You may recall January 31, 2010. It was the day after the Toronto Maple Leafs had dropped a 5-3 decision to the Vancouver Canucks, their sixth consecutive loss at the time. After that day the Maple Leafs were a brand new hockey team, having brought in the likes of Dion Phaneuf, Keith Aulie and Jean-Sebastien Giguere.
More than two years later the Maple Leafs are in a completely different situation. Eighth in the Eastern Conference and battling to keep possession of the final playoff spot, the Leafs are a much improved team. However, that doesn’t mean they aren’t struggling; they have dropped five of their last six games.
Fortunately for the Leafs, the Washington Capitals have also struggled mightily as of late. This has given the Maple Leafs a chance to remain in eighth, which they have thanks to their one victory during the aforementioned stretch, a 4-3 decision over the Edmonton Oilers on February 16.
With the trade deadline quickly approaching and now hardly over one week away, trade talk has picked up dramatically, especially around a team that needs some sort of spark if it’s going to qualify for the post-season for the first time under the current Collective Bargaining Agreement. Rightfully so, as said team has various holes that need to be filled if they are to contend next season.
Those three reasons alone─battling for playoff position, the need for motivation and holes that must be filled─tell you exactly why now is the time for the Maple Leafs to swing a deal. It doesn’t have to be a big one such as Rick Nash joining the team, but change must be made.
The only question is, what will fix the Leafs’ current slide and get them back on track?
Various demands include a sizable top-six winger, a centre to play on the first unit with Phil Kessel and Joffrey Lupul and someone to replace Colby Armstrong, who has had a very rough season in 2011-2012, who can move all around the lineup. But there is one position that people have thrown around here and there, only to have it shot down by the team itself: goaltending.
The big-time goal scorer or play maker would certainly be a nice addition to a team that could potentially become lethal offensively, but any transaction involving such a player would be a rather large one that would probably be best for the Entry Draft or some other time in the off-season. For now, the likes of Tyler Bozak, Clarke MacArthur and Mikhail Grabovski are doing just fine with the big guns, Kessel and Lupul.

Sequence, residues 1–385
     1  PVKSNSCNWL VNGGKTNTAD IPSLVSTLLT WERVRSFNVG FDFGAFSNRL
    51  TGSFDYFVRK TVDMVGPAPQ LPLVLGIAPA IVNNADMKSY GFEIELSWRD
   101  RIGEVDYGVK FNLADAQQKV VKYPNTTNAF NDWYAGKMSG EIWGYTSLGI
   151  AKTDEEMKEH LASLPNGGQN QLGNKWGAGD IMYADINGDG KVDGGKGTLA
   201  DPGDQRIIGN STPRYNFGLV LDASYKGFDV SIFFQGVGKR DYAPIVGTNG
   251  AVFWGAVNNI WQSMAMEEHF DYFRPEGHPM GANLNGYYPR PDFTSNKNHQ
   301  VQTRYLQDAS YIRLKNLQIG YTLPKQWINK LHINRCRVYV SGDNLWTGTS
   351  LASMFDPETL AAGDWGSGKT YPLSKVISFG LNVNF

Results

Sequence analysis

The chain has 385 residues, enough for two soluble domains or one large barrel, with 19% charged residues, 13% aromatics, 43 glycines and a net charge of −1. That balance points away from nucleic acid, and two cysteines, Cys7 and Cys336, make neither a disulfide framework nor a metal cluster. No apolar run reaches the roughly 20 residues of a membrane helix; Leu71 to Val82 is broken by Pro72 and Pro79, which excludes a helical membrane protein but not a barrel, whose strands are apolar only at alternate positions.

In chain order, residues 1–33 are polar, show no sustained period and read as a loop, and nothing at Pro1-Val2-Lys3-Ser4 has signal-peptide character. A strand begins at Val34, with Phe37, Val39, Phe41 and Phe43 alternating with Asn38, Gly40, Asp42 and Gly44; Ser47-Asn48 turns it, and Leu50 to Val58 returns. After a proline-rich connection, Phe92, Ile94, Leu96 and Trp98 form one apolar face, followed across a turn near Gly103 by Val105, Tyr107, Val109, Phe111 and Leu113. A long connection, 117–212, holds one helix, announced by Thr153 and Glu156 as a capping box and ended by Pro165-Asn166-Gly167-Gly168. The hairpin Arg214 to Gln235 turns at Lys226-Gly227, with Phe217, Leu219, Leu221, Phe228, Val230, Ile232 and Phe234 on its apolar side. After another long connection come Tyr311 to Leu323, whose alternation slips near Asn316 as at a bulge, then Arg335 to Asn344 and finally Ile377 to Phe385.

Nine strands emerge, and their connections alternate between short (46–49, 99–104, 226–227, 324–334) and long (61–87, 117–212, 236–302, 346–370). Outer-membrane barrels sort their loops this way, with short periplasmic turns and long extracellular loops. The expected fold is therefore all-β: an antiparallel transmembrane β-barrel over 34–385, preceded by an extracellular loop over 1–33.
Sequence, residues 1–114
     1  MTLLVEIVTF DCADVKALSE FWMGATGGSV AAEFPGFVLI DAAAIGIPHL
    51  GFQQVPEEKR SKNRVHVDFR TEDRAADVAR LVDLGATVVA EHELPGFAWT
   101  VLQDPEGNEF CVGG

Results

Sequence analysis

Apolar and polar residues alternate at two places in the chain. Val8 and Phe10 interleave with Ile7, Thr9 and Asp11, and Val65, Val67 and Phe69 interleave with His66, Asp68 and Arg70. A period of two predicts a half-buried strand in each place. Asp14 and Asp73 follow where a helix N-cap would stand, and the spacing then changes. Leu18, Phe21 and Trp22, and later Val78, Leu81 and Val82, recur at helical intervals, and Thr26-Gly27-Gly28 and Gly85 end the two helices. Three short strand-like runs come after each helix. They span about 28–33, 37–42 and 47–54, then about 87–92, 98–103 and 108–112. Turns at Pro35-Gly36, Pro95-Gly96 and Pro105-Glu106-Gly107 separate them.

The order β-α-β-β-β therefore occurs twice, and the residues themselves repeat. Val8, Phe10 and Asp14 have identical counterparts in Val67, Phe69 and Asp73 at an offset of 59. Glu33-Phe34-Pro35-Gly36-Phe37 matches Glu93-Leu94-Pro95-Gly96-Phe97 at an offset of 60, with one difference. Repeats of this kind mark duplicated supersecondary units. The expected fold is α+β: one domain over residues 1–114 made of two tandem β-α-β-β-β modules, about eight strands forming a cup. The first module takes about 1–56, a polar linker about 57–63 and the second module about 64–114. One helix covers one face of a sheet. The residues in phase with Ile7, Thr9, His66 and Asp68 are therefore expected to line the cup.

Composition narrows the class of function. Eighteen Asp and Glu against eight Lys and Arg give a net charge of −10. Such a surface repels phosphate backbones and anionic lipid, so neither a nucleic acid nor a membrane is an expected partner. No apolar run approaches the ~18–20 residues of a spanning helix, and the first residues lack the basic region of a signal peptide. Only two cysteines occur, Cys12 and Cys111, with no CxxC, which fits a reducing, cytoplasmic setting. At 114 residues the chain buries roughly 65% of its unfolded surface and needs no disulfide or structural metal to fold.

A goalie, though, is something that the Maple Leafs would be able to chase down without surrendering too much or risking the chance of messing with team chemistry. Perhaps the biggest reason for this is that all the Leafs need between the pipes, or at least backing up, right now is a solid veteran goalie. He doesn’t need to have flashy numbers or an expensive contract, but rather the ability to keep his competitor calm both in games and in practice.
Those include Evgeni Nabokov of the New York Islanders, Jason LaBarbera of the Phoenix Coyotes, Mathieu Garon of the Tampa Bay Lightning or, dare it be said, Jean-Sebastien Giguere of the Colorado Avalanche.
Why might this work? Well, there is the reason mentioned above: The Leafs need someone who will be able to calm things down in net when James Reimer and/or Jonas Gustavsson begin to go off track. This is something that we saw when Giguere was with the Maple Leafs.
As well, though, the Maple Leafs are a team that has been terrible defensively for much of the season, but even more so over their last six contests. What this type of move would do is send a message to the defencemen saying that they need to be better, or this team isn’t going to make the playoffs yet again.
If anything, acquiring a veteran goalie would be a low-risk, high-reward move by the Maple Leafs. After all, general manager Brian Burke and his staff may be better off to leave the big move(s) until the off-season and deal with the forwards and defencemen that have gotten the team to where it is now.
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Lukas, a student at the University of Ottawa, covers the Toronto Maple Leafs on a part-time basis for The Hockey Writers. Contact Lukas at firstname.lastname@example.org or follow him on Twitter, @LukasHardonk.